To answer the question about how Twitter has been managing to record such stellar revenue growth, let’s shift to the next section, ‘User Monetization’.

Twitter vs Facebook: User Monetization

Twitter vs Facebook Revenue Per Mau or Monetization

Here’s where Twitter needs to commended, for its user monetization. Twitter’s monetization rate is less than half of Facebook’s, but Twitter’s outstanding revenue growth has been fuelled by its monetization rate in the absence of strong user growth and engagement.

However, getting back to the comparison, apart from having a lower monetization rate, Twitter, also lags behind Facebook in terms of absolute increase in monetization rate or revenue per MAU.

Twitter vs Facebook Increase in Revenue per Mau per quarter

Key Take-away: Again, Facebook wins. Here Twitter does better than in the earlier section, but monetization can’t compensate for user growth beyond a certain extent. Eventually, if Twitter wants to sustain its largely advertising dependent revenue growth, user growth becomes imperative, and so does user engagement.

Poor user engagement will drag the rate Twitter gets to demand from advertisers even if user growth improves.

If Twitter manages to show improvement in user growth and engagement, the future could be bright. However, going by the way things stand currently, Twitter’s long term growth is at risk. If Q2 2014 proves that Q1 was a one off improvement in these metrics, Twitter’s stock price movement won’t look pretty. After the recent 20% free fall in stock price, Twitter, has a lot at stake in Q2 2014.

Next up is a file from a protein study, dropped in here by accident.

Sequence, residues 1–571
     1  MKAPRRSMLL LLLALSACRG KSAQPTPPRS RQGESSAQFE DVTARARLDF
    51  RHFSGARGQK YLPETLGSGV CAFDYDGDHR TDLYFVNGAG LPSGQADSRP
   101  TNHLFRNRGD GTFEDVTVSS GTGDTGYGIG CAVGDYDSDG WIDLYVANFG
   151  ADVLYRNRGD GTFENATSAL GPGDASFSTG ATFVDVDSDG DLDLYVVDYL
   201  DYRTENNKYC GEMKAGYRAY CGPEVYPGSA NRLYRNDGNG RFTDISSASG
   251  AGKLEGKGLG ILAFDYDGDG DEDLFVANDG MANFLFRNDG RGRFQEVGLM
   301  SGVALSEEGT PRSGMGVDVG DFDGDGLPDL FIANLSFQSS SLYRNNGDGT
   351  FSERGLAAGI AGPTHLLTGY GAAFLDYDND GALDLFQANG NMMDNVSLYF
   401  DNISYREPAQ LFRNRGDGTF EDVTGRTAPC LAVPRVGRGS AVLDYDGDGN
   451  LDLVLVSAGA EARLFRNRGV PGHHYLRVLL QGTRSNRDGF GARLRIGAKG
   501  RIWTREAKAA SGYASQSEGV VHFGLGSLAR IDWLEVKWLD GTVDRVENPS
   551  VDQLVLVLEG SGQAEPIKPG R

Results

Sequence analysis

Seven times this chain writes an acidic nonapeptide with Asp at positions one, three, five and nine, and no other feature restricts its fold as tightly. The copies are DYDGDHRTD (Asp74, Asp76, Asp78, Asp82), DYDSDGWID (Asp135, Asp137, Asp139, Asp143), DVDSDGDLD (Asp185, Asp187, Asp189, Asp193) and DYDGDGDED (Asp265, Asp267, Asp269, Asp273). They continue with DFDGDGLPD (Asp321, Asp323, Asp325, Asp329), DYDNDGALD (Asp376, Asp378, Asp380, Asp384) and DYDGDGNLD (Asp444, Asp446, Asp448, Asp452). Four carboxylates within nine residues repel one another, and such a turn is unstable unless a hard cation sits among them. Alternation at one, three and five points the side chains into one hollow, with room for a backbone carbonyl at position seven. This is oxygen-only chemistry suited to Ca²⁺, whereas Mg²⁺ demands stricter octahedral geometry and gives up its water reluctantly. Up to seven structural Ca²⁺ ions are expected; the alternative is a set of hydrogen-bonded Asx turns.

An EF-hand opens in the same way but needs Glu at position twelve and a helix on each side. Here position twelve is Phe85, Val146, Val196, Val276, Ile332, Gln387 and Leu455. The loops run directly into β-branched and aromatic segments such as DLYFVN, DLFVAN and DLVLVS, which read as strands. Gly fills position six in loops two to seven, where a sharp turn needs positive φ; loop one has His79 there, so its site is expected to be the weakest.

Twitter vs Facebook: Valuation



Last 4 quarters average Y/Y Growth



Price/Sales (P/S)



Price/Earnings (P/E)



Of the two, Twitter is definitely growing at a much faster pace, albeit on a revenue base that’s less than 10% of Facebook’s. Assuming that Twitter had Facebook’s net profit margin of (last 4 quarters average) 14.4%, it would be trading at a P/E of 168. Twitter would still be much more expensive than Facebook and in this scenario the differentiator would be growth.

However, the company has no profits to speak of, putting the onus entirely on growth.

Going by the metrics we’ve discussed and Twitter’s FY 2014 revenue growth guidance of 80-88%, which is a fair bit lower than its current growth rate, paying more for Twitter’s growth doesn’t come across as such a good idea. One must also note that in its latest quarter, Facebook did record a Y/Y growth of 71.6%, which is not all that bad vs Twitter’s guidance.

At this point, we would like to clarify that we think Facebook itself is overvalued, and doesn't make it to our list of favorite stocks. However, it’s clear that Twitter is overvalued, and will have to do more to give Facebook some serious competition.

Compare Twitter stock analysis with Facebook stock analysis.

To see Twitter’s latest stock price movement, click here (NYSE:TWTR)

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Neither Amigobulls, nor any members of its staff hold positions in any of the stocks discussed in this post. The author may not be a certified/registered investment advisor, and the opinions expressed should not be treated as investment advice. Buying and selling of securities carries the risk of monetary losses. Readers/Viewers are advised to carry out their own due diligence and consult their investment advisors before making any investment decisions. Neither Amigobulls, nor the author have any business relationship with any of the companies covered in this post.